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Snow Leading To More Visits From Local Deer

By Ron Sanders, WBZ-TV
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A group of deer looking for food together in Otto River, Massachusetts. (credit: Martin)

A group of deer looking for food together in Otto River, Massachusetts. (credit: Martin)

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BOSTON (CBS) – Heavy snow this winter is evidently contributing to more frequent visits by groups of deer in suburban Boston yards over the past week.

“We have been seeing deer but not that many and they don’t usually come during the day,” said Martin Duplessis.

He and his wife Beverly photographed eight deer huddled in the backyard of their home in the Otter River section of Templeton late Saturday morning.

“It’s usually at night when it’s dark and we don’t see them really good,” said Beverly Duplessis referring to deer visits in the past.

WBZ-TV’s Ron Sanders reports.

Marion Larson, of MassWildlife, saw eight deer huddled together near her central Massachusetts home Sunday. A WBZ viewer saw a similar group outside her Middleton home the same day. A member of the WBZ staff saw five outside her Wilmington home last week.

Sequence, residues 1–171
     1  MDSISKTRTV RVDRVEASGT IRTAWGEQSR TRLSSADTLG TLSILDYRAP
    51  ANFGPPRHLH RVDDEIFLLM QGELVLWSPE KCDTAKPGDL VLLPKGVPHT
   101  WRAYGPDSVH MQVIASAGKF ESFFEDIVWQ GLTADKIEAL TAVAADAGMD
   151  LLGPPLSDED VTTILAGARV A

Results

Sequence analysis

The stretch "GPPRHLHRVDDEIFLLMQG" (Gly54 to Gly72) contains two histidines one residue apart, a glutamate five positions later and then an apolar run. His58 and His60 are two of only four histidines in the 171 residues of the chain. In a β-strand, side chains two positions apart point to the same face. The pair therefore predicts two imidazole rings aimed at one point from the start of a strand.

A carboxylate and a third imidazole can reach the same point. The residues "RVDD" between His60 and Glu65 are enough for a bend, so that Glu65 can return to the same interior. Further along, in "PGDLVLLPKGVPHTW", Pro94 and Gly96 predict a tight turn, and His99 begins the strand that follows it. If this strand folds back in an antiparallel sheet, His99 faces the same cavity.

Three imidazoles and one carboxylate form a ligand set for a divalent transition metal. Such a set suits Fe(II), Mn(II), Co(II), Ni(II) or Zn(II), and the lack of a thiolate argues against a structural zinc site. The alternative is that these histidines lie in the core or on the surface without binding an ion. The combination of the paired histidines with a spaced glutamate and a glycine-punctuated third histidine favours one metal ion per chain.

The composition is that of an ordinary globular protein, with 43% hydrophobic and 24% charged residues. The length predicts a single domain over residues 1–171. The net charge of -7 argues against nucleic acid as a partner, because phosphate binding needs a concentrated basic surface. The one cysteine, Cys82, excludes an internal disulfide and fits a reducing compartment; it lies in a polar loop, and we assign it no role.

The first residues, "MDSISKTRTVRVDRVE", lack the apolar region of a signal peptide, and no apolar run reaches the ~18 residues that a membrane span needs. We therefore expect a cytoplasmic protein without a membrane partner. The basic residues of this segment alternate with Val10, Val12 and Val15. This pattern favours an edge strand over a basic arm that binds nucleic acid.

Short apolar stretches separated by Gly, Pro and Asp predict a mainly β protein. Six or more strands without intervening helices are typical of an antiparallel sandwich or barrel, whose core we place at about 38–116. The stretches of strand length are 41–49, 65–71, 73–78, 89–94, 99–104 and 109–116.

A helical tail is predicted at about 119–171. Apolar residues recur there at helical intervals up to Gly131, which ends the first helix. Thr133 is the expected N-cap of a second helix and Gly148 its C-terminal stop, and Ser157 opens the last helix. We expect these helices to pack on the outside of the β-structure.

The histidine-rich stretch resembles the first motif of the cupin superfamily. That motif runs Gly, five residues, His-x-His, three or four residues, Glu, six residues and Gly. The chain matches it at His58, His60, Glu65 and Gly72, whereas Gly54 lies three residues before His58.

“At this time of year, deer are spending more time together. There’s strength in numbers as it were,” explained Larson.

But this year, said Larson, heavy snow accumulation in southern New England has prompted groups of deer to stay in one area because it’s difficult to move through deep snow.

“Some people call these areas yards, deer yards. That kind of behavior is usually only seen in northern New England and maybe out in the Berkshires,” she said.

So, it’s likely people seeing deer in their yards live near so-called deer yards. The Duplessis’ have heavy deer traffic in their yard, neighboring some woods, on trails they have cleared for themselves near bird feeders.

“We have to get to our firewood…and they’re smart enough to use them,” said Martin Duplessis.

“This is a very critical time of year for deer, especially pregnant does. They’re pregnant and they are spending very little time moving around. They try to stay in areas where there’s lots of food,” said Larson.

MassWildlife officials say you should resist the urge to feed deer in winter because it can change their metabolic rate and encourage them to travel which can lead to accidents on streets and roads.

MassWildlife officials also say there are more deer per square mile inside of Route 495 than outside. That’s because deer like to travel and feed in “edge” areas between deep woods and open grasslands which suburban areas provide.

One deer ventured briefly through an open door into the home of a Newburyport woman causing minor damage Saturday. Environmental Police and Newburyport officers responded, tranquilized and successfully relocated the deer. Larson said that deer likely panicked and mistakenly saw the open door as possible escape.

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